Overcoming Imposter Syndrome in Tech
This article is part of a series of posts produced by the Duo interns, highlighting their experiences and the projects they worked on this summer. And be sure to check out our open internship positions.
You’re doing amazing. Thanks, you too.
It shouldn’t be that hard to accept a compliment. But it’s always been easier for me to deflect the attention back to the person complimenting me. Rather than appreciating my accomplishments, I quickly move on wondering “what’s next?”
I struggle with the feeling of inadequacy, not doing enough, or the need to do even more. And after reaching out to others, I learn that this feeling of imposter syndrome is all too prevalent in the lives of others working in tech.
From their stories, I learned that there are many ways one can experience imposter syndrome. And just as everyone has different experiences, their approaches toward imposter syndrome are equally as personal and unique.
In this blog, I’d like to share with you two different approaches I have learned through the stories of Nick Zolfo and Subha Madaka. In the first account, Nick's introspective approach. And in the second, Subha's collective approach.
The first step in combatting imposter syndrome? Acknowledgement
“It’s a self-love thing. My inability to self-love bled into me not acknowledging the great things I was doing and own them… that they came from me,” Nick Zolfo, design thinking coach at Cisco Secure, explains.
Nick Zolfo is also the co-host of the meditation podcast “Catching Z’s: The Millennials Guide to Mindfulness.” I had the opportunity to attend one of his midweek mindfulness sessions where he guided a 10-minute meditation practice. He’s a guy who appears to have found his inner peace, and I wanted to learn how he does it.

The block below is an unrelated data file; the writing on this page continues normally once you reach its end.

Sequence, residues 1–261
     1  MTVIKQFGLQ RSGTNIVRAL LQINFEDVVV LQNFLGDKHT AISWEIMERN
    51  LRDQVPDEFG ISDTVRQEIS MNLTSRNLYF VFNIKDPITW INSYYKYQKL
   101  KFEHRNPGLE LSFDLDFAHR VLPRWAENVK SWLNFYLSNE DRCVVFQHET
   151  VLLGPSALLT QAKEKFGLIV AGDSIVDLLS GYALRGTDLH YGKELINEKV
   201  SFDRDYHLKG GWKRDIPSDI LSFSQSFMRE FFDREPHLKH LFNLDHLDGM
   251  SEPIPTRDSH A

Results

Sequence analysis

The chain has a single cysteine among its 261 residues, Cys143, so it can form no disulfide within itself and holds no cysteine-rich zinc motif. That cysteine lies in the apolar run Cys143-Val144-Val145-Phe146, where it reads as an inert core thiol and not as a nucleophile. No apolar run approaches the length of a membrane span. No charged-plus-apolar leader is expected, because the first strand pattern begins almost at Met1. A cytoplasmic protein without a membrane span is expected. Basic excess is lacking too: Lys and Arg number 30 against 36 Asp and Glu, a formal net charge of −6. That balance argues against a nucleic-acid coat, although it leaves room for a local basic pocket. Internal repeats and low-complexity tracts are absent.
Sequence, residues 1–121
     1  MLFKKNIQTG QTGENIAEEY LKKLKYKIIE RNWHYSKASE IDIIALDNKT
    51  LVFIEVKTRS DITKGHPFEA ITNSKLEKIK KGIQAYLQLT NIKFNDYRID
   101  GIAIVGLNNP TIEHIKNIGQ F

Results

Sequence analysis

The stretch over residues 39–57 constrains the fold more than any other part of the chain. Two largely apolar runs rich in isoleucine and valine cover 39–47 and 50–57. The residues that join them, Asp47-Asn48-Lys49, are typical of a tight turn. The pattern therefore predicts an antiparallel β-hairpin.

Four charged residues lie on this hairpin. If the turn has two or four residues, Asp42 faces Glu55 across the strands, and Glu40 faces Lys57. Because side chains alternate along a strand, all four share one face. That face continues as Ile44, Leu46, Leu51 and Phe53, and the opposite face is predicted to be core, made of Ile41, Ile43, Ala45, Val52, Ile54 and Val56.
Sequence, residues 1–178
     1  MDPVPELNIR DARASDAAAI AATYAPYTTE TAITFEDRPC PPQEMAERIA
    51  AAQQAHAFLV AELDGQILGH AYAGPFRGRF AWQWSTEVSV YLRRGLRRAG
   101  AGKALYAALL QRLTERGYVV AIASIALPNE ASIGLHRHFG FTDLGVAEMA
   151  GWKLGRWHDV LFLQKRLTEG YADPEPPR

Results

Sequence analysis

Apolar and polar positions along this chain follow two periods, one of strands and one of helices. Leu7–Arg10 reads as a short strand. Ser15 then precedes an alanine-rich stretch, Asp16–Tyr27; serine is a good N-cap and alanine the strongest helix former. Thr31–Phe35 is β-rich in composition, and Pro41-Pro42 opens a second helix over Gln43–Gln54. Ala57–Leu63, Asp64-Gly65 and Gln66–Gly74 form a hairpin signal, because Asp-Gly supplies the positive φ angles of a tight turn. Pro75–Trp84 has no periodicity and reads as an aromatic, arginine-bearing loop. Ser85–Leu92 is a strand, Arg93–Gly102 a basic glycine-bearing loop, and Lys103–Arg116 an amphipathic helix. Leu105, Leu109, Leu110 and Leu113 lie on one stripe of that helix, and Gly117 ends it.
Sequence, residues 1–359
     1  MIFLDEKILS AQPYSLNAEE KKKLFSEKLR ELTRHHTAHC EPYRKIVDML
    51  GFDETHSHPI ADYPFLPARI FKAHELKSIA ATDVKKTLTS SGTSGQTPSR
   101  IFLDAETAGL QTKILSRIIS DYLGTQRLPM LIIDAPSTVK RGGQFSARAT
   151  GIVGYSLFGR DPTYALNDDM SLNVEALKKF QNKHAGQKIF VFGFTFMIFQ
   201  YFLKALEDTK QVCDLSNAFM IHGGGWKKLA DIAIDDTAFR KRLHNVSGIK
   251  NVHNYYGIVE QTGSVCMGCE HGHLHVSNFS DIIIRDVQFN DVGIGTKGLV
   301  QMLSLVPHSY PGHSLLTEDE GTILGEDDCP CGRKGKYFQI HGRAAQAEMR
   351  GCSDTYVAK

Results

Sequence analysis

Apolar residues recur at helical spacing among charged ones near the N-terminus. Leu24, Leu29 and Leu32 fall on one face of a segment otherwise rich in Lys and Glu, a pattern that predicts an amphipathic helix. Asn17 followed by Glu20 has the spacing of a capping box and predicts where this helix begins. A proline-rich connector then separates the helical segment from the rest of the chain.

But even Nick struggles with the occasional self-doubt.
“At Duo and with my current position, I feel like I have the safety net to tinker and do stuff. Yet, I have imposter syndrome. I think, ‘do I deserve to be here? Do I have the authority to make these decisions?’”
For Nick, his struggles are rooted in his core life experiences. It’s an issue which he believes to be deeply grounded in who he is and will always be there. To combat this, Nick makes the commitment towards bettering himself.
“To know what you want and to go after that, is the greatest thing that I have done for myself and can offer up to other people. That is the crucial point I had to say for myself. I spent too long not doing something but was aware. I was upset that nothing was changing. Recognize, you are the one that needs to take control.”
Nick brought up a key point; I have to care enough about myself to advocate for what I want. This is the baseline. You must care about your own wellbeing for any change. Care about yourself and take action.
“It’s always worth exploring what imposter syndrome means to you. Identify what is tactile. Identify what are the inputs.”
It’s always worth exploring what imposter syndrome means to you. Identify what is tactile. Identify what are the inputs.
For Nick, meditation helped him explore his space. Taking a moment to pause and reflect to identify the cause before tackling the problem is one strategy in identifying where to begin. But maybe you need a little more help in navigating those complex thoughts and feelings.
Remember, we are in this together
First, I must make a correction, and I encourage you to do the same. Instead of saying “imposter syndrome,” let’s call it an imposter phenomenon.
It’s an exercise Subha Madaka, engineering manager at Cisco Secure, recommends.
“I learned it in a class on imposter syndrome during my MBA program,” Subha shares. “The imposter phenomenon is a behavior thing that everyone goes through, and it’s unique to everyone.”
Syndrome sounds like an illness that you’re stuck with indefinitely. A phenomenon feels less abrasive and more representative of the unique event that just pops up in your life. By switching up the language, we can change our perspective of how we view ourselves and encourage conversation around a problem we all go through.